New Experiment Probes Weird Zone Between Quantum and Classical
Scientists at the Max Planck Institute for Quantum Optics in Germany have created a tiny silicon cantilever arm on a chip that, after being cooled down to 0.0001 degrees above absolute zero, will sway back and forth in multiple modes at once, becoming the world's first macroscopic system in a purely quantum mechanical state. Image: Max Planck Institute, Munich/Jorg Kotthaus, Universtiy of Munich
The strange boundary between the macroscopic world and the weird realm of quantum physics is about to be probed in a unique experiment.
Scientists have created a minute cantilever arm on the surface of a silicon chip that they hope will leave the world of classical physics and enter the quantum realm when cooled to near absolute zero.
The experiment will be the first time scientists have ever scaled an object in the observable world down into the slippery world of quantum mechanics. "I think it's really possible to observe quantum effects (in the cantilever arm) with this experiment," said Peter Rabl of the University of Innsbruck in Austria, who isn't part of the experiment.
"Either you have a real, macroscopic object in a quantum state -- or you find out that quantum mechanics doesn't work for the macroscopic world," he said. "In either case, it would be quite fascinating."
Albert Einstein was famously skeptical of quantum physics, finding some of its more outlandish suppositions too strange and counterintuitive to be true. Although many of quantum physics' predictions have long been experimentally confirmed, scientists have never been able to observe its effects directly.
In a paper published on the arXiv physics pre-print server, Philipp Treutlein and colleagues at the Max Planck Institute for Quantum Optics in Munich describe an experiment that may change that. Treutlein proposes a chip with a cantilever arm -- a tiny diving board 0.0007 centimeters (7 microns) long, made from a billion silicon atoms.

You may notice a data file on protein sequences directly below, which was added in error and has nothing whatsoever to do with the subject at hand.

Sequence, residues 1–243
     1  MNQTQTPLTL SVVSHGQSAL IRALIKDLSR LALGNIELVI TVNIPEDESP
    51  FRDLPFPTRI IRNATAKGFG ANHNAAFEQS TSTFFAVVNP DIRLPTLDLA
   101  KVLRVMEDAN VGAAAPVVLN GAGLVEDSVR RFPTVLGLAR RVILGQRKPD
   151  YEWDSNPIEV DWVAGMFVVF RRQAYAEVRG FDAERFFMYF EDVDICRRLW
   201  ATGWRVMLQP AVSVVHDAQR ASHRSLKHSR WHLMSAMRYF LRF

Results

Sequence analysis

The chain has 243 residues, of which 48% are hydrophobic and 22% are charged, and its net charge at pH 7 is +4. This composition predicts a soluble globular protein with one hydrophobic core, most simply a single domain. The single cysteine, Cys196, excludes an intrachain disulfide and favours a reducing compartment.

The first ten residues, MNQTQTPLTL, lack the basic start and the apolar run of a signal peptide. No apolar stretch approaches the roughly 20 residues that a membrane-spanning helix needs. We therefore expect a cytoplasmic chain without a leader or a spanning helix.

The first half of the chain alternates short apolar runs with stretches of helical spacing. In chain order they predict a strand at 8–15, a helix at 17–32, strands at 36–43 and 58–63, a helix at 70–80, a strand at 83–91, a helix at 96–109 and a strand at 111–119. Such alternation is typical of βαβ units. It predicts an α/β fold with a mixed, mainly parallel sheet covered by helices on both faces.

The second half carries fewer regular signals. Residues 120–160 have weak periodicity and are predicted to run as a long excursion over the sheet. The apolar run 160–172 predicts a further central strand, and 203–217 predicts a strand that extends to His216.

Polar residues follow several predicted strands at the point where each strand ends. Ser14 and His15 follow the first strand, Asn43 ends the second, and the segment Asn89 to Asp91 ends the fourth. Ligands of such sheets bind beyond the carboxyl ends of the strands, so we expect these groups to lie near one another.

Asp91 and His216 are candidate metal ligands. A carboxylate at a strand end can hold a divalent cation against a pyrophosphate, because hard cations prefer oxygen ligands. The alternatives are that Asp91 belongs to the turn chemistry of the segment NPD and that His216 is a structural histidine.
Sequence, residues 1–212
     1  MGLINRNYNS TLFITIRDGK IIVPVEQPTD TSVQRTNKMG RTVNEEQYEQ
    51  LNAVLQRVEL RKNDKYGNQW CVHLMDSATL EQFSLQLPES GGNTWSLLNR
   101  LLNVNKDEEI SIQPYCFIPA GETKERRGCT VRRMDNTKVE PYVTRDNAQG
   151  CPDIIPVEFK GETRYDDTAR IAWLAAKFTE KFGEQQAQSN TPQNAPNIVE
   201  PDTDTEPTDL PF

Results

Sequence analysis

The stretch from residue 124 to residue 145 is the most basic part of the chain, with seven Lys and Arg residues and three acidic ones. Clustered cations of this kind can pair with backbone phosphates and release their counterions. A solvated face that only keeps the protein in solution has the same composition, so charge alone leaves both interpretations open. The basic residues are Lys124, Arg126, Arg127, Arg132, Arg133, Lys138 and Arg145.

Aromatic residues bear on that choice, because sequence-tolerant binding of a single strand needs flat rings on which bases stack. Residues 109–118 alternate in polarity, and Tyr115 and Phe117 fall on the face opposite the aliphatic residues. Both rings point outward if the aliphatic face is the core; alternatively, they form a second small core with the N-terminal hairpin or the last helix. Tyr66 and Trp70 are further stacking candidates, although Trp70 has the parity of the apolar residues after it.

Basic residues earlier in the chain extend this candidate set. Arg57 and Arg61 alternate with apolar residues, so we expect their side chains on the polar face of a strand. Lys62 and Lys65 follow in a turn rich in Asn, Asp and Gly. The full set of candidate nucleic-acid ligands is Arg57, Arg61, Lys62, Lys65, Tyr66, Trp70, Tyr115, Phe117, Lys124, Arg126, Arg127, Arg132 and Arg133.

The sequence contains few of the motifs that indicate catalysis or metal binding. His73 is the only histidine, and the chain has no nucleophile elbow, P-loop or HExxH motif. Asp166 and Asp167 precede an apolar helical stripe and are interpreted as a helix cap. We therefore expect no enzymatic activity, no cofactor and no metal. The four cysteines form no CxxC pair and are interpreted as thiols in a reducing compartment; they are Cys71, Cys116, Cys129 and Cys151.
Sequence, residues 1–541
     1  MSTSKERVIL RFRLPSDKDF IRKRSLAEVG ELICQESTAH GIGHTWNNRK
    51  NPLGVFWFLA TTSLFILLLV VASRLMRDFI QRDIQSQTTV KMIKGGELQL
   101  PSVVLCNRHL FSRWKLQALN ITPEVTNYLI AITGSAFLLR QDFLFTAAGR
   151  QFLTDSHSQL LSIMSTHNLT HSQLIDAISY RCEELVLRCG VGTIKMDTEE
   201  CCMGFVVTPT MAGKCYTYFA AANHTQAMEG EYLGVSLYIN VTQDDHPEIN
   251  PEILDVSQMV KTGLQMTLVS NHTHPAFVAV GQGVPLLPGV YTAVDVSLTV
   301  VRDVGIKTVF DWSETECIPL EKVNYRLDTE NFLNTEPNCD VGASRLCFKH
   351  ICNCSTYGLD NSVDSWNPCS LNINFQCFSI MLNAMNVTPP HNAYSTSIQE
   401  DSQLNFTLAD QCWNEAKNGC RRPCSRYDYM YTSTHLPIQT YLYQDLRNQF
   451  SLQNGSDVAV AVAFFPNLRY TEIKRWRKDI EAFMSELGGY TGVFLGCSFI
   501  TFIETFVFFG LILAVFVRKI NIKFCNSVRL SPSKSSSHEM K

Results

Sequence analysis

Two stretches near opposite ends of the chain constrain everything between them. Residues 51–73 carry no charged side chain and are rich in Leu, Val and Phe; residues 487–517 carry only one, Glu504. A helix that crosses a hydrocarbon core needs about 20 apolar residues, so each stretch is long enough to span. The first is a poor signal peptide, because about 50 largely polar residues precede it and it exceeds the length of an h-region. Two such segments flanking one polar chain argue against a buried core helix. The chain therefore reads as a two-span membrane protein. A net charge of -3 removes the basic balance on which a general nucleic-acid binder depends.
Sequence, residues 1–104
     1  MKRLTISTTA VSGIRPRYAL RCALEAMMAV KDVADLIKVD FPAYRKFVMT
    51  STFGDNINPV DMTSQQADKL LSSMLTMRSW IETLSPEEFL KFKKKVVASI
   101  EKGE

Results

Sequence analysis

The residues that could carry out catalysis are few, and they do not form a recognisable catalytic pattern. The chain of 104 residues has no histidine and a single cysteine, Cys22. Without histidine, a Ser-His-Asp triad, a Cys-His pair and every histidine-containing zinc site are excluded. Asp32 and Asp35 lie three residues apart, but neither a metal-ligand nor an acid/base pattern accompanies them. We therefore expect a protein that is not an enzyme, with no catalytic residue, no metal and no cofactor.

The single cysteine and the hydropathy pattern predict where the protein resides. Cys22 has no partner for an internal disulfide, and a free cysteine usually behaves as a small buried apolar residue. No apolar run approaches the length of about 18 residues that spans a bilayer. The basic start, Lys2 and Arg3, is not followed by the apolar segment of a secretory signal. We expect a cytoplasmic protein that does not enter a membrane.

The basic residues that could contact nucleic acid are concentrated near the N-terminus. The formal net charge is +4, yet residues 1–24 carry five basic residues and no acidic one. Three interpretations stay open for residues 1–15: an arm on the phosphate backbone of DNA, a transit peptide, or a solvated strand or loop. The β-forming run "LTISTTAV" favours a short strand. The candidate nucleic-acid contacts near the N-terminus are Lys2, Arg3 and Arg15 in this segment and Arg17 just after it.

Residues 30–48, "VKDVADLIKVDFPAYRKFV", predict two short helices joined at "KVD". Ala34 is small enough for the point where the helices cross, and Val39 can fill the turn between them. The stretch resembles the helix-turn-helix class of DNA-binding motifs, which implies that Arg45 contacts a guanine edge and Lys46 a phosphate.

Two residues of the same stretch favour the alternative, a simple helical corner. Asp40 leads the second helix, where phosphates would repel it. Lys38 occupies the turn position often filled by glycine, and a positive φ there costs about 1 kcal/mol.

With a minute magnet attached at one end, the cantilever will make ultra-sensitive measurements of a cloud of several thousand laser-cooled rubidium atoms hovering mere microns above it.
With carefully tuned laser pulses, the cloud of rubidium will be kept in a pristine state of matter -- mere nanodegrees above absolute zero -- called a Bose-Einstein condensate, or BEC.
In a process first predicted in 1925 by Einstein and the Indian physicist Satyendra Nath Bose, these supercooled atoms settle into a single, coherent quantum state.
BECs were first created in the lab in 1995 and have been used to study superfluids and to slow light rays to a crawl.
A group led by Jörg Kotthaus at the University of Munich has fabricated a first version of Treutlein's chip, with the cantilever and magnet mechanism (see photo). Treutlein's group will soon be ready to prepare a rubidium cloud that will hover over the chip and interact electromagnetically with the cantilever arm.
"One of the motivations for our experiment is to investigate a system which is on the border between quantum and classical," Treutlein said.
The real challenge, said Keith Schwab of Cornell University, is the next step: cooling the cantilever arm to one-ten-thousandth of a degree above absolute zero. At any temperature above this threshold, the cantilever arm would remain as classical and uninteresting as a regular diving board with a magnet attached to it, said Schwab.
But below the threshold, the cantilever arm would itself enter into a quantum mechanical state -- and ultimately, via the attached magnet, communicate back and forth with the quantum states in the rubidium cloud.
At least, everyone expects this to happen: No one has ever taken something as big as Treutlein's micro-cantilever system into the quantum realm before.
This means, Schwab said, that the bleeding edge of atomic physics necessary to create and maintain a rubidium cloud in a Bose-Einstein condensate would need to be combined with the state of the art in cryogenic physics.
"You'd need amazing technology from both sides," Schwab said.